I have no doubt the demand for plant-based foods will continue to rise alongside veganism and vegan-ish, as more people move to a semi plant-based diet. We are working on some great new vegan dishes anyone would enjoy. 

We’re also seeing more diners return to the classics, simpler dishes where ingredients and flavour are key. I think this will be a trend that continues through 2020.

Finally I think food styles will be even more culturally diverse, with more niche restaurants that focus on a particular region of a country.

Sustainability: Doug Crampton, James Martin Manchester

I think there’ll be a bigger focus on sustainability using quality ingredients that are locally sourced and seasonal.

More veggie options: Carlos Gomes, Canto

As more and more people adopt a plant based diet we can expect to see restaurants continue to widen the number of vegetarian and vegan dishes on offer.

A more creative experience: Sam Karle, Dakota Grill

People expect an experience rather than a ‘meal’ and restaurants will need to become more creative with their offering.

People are also more aware of living a healthier lifestyle and restaurants will need to adapt menus to support expectations.

Exciting vegan food: Nico Simeone, Six By Nico

In 2020 I would like to see, and think we will see even more vegan restaurants open. I think people have a bit of a perception that vegan food is quite boring and only eaten as a lifestyle choice, but actually it really can be quite exciting and tasty. I recently went to a restaurant in Notting Hill called Farmacy and I was blown away by their food.  

We always offer a vegetarian option in the restaurant but at some point I’d definitely be keen to see if we can explore a vegan option at Six by Nico. We hosted a plant based supper club at one of my restaurants in Glasgow earlier this year, with a seven course vegan tasting menu, and the response was amazing.

Many of our diners across our restaurant group are asking for more options to reduce their meat consumption and I only think this will continue in 2020.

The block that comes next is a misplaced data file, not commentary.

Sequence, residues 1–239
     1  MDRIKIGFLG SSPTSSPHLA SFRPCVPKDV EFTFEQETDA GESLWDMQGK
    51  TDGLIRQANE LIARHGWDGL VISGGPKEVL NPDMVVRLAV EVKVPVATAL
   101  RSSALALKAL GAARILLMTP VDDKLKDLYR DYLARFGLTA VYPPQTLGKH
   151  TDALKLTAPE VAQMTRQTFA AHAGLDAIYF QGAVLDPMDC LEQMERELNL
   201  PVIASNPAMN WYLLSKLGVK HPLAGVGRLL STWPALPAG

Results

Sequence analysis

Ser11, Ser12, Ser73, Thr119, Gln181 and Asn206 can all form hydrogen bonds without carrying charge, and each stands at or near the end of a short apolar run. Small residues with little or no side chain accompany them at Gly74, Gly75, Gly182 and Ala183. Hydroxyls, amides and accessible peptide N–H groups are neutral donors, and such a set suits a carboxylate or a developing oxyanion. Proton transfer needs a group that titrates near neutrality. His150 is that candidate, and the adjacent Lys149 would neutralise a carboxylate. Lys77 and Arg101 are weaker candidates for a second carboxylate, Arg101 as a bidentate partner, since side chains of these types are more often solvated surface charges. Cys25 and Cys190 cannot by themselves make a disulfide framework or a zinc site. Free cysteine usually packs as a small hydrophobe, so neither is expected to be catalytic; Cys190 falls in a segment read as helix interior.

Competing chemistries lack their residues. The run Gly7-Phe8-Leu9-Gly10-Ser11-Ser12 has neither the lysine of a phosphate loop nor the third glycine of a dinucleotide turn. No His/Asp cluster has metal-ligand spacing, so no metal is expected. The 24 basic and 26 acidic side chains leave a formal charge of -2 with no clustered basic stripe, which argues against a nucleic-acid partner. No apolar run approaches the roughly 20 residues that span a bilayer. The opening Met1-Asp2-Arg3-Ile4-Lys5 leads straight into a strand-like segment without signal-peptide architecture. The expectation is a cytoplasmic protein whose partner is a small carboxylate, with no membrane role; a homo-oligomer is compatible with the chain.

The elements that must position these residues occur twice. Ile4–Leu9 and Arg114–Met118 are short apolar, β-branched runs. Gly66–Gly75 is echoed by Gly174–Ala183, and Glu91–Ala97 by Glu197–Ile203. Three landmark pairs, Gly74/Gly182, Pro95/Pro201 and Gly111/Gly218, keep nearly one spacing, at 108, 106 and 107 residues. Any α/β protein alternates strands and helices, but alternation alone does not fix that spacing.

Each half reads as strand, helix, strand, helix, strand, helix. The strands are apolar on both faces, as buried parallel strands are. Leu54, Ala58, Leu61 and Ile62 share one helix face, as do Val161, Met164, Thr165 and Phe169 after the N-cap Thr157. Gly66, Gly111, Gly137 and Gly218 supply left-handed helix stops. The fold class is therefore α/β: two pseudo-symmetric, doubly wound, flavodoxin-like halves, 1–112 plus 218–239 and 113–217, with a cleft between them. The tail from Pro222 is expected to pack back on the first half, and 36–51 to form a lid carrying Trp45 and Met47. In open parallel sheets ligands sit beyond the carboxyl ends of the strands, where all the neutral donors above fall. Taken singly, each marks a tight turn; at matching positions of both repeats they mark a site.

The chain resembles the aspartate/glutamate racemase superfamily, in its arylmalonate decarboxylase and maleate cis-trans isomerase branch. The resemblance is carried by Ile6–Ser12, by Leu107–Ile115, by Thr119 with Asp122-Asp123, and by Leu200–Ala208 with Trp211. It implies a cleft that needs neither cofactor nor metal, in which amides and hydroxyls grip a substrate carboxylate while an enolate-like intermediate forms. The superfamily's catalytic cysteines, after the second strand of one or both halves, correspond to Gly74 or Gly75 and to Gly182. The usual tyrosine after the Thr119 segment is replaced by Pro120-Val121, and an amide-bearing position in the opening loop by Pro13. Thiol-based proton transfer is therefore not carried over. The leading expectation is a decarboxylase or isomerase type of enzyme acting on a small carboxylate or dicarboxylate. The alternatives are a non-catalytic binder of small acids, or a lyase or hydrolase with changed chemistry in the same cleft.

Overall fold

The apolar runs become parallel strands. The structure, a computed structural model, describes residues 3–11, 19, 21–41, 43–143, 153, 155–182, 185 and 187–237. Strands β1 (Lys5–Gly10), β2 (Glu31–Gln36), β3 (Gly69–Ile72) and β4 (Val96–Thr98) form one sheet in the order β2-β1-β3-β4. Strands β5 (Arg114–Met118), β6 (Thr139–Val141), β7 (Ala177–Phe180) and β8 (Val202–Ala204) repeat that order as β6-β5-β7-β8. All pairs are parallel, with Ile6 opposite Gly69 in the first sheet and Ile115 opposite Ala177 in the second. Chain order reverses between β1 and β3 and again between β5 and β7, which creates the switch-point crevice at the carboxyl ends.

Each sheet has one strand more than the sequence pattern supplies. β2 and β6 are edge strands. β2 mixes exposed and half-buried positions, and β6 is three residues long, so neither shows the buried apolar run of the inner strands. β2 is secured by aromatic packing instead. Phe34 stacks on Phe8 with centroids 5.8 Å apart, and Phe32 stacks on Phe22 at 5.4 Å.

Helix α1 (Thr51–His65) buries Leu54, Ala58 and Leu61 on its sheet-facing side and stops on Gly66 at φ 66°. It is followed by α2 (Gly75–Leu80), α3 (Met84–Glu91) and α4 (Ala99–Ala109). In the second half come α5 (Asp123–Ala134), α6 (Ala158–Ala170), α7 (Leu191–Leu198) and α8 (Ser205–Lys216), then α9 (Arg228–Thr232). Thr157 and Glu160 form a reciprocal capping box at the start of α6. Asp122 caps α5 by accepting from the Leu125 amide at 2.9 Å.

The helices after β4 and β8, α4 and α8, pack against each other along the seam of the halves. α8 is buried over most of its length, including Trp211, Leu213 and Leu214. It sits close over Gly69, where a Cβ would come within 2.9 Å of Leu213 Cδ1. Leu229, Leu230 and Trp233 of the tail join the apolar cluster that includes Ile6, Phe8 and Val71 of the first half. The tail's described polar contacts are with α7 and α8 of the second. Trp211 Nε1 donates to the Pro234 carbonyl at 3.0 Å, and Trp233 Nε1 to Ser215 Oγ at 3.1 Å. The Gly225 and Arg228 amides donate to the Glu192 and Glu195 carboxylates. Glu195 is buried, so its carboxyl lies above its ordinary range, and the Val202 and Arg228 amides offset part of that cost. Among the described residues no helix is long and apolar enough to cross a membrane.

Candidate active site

Online casual dining and less booze: Haz Arshad, Mughli

Sustainability: both when dining-in and taking-away (packaging).

Flexitarianism is here to stay: no longer just a frustration of true allergy sufferers everywhere, but a genuine way for people to dabble in more sustainable, environmentally friendly and healthier eating whilst still enjoying our guilty pleasures the rest of the week – part-time vegans rejoice.

Low or No Alcohol: we’ve seen an increasing demand for non-alcoholic or low alcoholic drinks across our sites and luckily for us, local suppliers like First Chop Brewery are coming up with the goods – pretty sure this is something we’ll see much more of this in 2020

Deliver-Deliver-Deliver: this market just keeps getting bigger – when the costs of goods keeps going up for restaurants and with Brexit uncertainty still looming, it’s not just what you serve in your restaurant which will make or break you – reconsider your take-away offering: your packaging and maybe even limiting your menu to those dishes that travel well to take advantage of this ever increasing trend of online causal dining.

Plant-based diets: Benjamin Chaplin, 20 Stories

I have no doubt that plant based diets will continue to rise in popularity. I think this is a specific diet that is in motion already, but one that will become more mainstream and desirable rather than a part time health fix.

I think a plant based diet is a great way to reduce our reliance on animal based products, as well as an incentive for people to start thinking properly about what they are eating, instead of being unsure as to what ingredients are in their foods and in turn, what it is doing to their health.

Authenticity: Jason Annette, The Ivy Spinningfields

As for food trends in the new year, healthy eating is always at the forefront after Christmas and new year indulgences, but most Mancunians will always look for provenance when it comes to eating out, so authenticity is also a big one, as well as value for money.